whey mead

Discussion in 'Special Interest Wines' started by BernardSmith, May 17, 2018.

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  1. BernardSmith

    BernardSmith Senior Member

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    I am posting this under "special Interest Wines" rather than meads because this mead is so.. um...peculiar that there may be few mead makers out there interested in this particular approach.

    I make a batch of (hard) cheese from a gallon of fresh milk almost every week and this leaves me with about 7 pints of whey. Typically, I had been adding the whey to my compost or directly onto my vegetable beds (tomatoes love calcium) but it struck me that whey can be used as the base liquid for meads in place of water and the lactic acids formed when culturing the milk can add a hint (or more) of sourness to the mead in much the same way brewers work to sour some styles of beer (gose for example). So I am on a kick to make a number of meads in this way, the idea being that certain acidic fruits (mangoes, strawberries, berries and the like) may complement whey meads while other additions such as chocolate might be complemented in other ways.

    Any other cheese makers on this forum who might be interested in making a few batches and in sharing notes? (I am a vegetarian so do not use animal rennet).

    Two whey meads I have started are a mead to which I will add mangoes in the secondary, and a gruit mead (gruit refers to those herbs that brewers used to use to add to ales before hops became de rigueur in Europe) to which I am adding roasted cocoa nibs. But I certainly think that the third batch needs to be a braggot.
     
    Last edited: May 17, 2018
  2. meadmaker1

    meadmaker1 Member

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    Curious if this turned out or is turning out like you hoped

    It certainty doesn't sound like it will be something I'd like but its interesting for sure
     
  3. BernardSmith

    BernardSmith Senior Member

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    I think that this is turning out OK. In the end I went with papaya rather than mango for one and the cocoa -gruit seems to be doing OK too. Both of these have cleared well. Plan on tasting each tomorrow. There's also a third - a t'ej that is made with whey-diluted honey and a fourth - using a lactic source called rejuvelac - where you sprout grains (in this case wheat berries) and then use the sprouted berries to inoculate water with lactic bacteria from the grains. I simply used rejuvelac to dilute some raw honey and after about two days the must had started to actively ferment (with no added yeast or nutrients). This tastes still very sweet (have yet to measure the SG and the pH (although the pH of the rejuvelac was 3.7) . Again, the idea is to create a sour mead (soured with lactic bacteria creating lactic acid) balanced with sweetness from the residual honey. A kind of analog to Gose or sour beers.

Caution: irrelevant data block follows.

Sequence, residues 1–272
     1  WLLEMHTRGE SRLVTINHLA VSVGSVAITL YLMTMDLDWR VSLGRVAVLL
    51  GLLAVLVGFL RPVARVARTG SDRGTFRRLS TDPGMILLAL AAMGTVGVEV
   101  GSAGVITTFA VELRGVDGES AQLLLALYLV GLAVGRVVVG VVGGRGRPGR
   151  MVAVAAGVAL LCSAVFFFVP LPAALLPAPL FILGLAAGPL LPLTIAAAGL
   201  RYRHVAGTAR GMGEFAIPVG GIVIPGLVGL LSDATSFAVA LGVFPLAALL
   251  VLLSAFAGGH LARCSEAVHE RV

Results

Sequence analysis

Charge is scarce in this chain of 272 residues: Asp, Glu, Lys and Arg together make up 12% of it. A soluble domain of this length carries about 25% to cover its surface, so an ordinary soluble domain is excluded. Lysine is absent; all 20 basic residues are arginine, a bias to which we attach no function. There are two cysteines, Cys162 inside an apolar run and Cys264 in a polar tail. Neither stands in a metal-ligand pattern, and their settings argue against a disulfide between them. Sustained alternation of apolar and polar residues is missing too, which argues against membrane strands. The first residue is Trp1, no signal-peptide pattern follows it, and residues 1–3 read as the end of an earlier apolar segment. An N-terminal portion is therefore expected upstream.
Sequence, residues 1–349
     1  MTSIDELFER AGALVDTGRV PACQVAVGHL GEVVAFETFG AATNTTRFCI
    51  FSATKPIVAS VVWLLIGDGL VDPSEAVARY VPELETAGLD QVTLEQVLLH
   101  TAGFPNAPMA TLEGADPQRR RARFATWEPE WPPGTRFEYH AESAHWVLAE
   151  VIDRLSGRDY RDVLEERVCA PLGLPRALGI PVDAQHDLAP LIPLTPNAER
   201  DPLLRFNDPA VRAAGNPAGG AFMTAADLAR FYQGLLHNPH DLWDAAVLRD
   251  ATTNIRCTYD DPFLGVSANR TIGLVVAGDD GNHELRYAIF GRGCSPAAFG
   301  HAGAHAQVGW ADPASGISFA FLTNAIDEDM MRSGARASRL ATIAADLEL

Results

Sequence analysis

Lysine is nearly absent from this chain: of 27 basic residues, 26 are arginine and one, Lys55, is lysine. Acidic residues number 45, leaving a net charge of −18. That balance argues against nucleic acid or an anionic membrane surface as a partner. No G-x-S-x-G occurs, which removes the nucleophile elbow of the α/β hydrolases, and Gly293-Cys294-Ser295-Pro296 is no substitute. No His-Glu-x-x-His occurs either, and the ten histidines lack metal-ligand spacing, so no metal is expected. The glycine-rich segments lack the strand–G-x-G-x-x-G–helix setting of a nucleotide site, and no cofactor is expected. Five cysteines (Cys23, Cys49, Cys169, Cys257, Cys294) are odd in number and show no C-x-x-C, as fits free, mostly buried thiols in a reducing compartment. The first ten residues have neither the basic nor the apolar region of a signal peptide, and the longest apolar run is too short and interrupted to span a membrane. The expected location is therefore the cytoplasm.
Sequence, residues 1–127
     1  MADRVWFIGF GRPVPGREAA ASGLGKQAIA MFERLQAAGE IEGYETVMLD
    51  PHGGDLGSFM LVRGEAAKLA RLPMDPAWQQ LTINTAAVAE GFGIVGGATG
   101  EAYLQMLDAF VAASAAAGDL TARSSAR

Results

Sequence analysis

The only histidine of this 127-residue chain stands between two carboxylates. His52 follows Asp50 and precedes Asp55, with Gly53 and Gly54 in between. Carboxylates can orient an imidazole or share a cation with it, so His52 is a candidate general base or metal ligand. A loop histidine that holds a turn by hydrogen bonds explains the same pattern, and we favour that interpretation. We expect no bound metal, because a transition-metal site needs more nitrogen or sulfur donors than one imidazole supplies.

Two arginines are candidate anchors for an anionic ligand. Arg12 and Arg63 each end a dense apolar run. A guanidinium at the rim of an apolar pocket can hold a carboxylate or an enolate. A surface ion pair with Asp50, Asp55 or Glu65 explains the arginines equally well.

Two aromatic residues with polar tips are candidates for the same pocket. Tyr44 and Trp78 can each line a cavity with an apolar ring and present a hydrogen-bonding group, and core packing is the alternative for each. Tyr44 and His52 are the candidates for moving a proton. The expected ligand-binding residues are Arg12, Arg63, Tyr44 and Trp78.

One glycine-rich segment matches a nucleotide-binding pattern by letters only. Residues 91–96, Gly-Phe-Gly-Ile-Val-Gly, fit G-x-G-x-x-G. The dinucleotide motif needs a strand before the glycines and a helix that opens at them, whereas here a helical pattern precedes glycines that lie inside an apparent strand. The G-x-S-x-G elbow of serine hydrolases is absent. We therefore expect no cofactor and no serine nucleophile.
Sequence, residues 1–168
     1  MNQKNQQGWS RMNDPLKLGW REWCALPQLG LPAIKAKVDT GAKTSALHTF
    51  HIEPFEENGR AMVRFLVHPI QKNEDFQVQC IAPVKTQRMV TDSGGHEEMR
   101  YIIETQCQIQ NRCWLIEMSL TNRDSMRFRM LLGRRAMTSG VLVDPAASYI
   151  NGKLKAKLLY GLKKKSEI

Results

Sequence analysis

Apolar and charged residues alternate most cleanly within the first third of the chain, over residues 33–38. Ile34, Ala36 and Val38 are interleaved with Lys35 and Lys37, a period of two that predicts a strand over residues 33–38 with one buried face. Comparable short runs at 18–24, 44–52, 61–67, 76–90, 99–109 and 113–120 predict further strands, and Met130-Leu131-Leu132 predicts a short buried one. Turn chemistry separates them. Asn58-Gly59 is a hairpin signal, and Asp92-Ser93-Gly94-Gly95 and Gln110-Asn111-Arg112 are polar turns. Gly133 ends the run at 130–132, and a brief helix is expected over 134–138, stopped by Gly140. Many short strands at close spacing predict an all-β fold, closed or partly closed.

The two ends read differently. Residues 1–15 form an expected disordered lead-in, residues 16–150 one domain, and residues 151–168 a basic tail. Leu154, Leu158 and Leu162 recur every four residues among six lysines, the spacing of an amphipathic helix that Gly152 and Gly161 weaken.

4. BernardSmith

    BernardSmith Senior Member

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    I checked the gravities and tasted the four "sour" meads this morning.
    The Rejuvelac is at 1.032 and tastes fresh but very sweet. The Blaand (with papaya ) is at 1.010 and is something I could happily drink but it is still very "green" and the sourness is surprisingly unique. The t'ej is also at 1.010 and this is a t'ej that at the moment is not something I would happily drink (bleh) , while the cocoa -gruit is at 1.012 and is another that I can see enjoying in a few months. None of these meads taste anything like meads made with milk (versions of kumis , which is an indigenous drink in the Urals made from mare's milk). I've made a few small batches of kumis and it takes several years for the flavors to mellow. With the meads made from (sweet) whey, that is milk cultured with bacteria in the production of hard cheese rather than milk soured with vinegar or citric acid to make soft cheeses quickly, the mead seems to be soured by lactic acid and the flavors the LAB (lactobacilli) produce can be delightful.
     
  5. ke3ju

    ke3ju Junior Member

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    My wife makes hard cheese; I have made Whey wine several times. Not Mead though, I used table sugar. It is definitely a unique flavor and mouth feel. The yeast loves the nutrients in the whey. I have no problem getting 17.5% ABV. The lactose is not fermentable, unless treated with lactase enzyme. I've never done this, so it finishes with all the lactose still in the wine. I haven't made it in while, it might be time to throw one together.

    Oh, it makes great hard hot chocolate, just throw a chocolate bar in a mug of whey wine, and throw it in the nuker.
     

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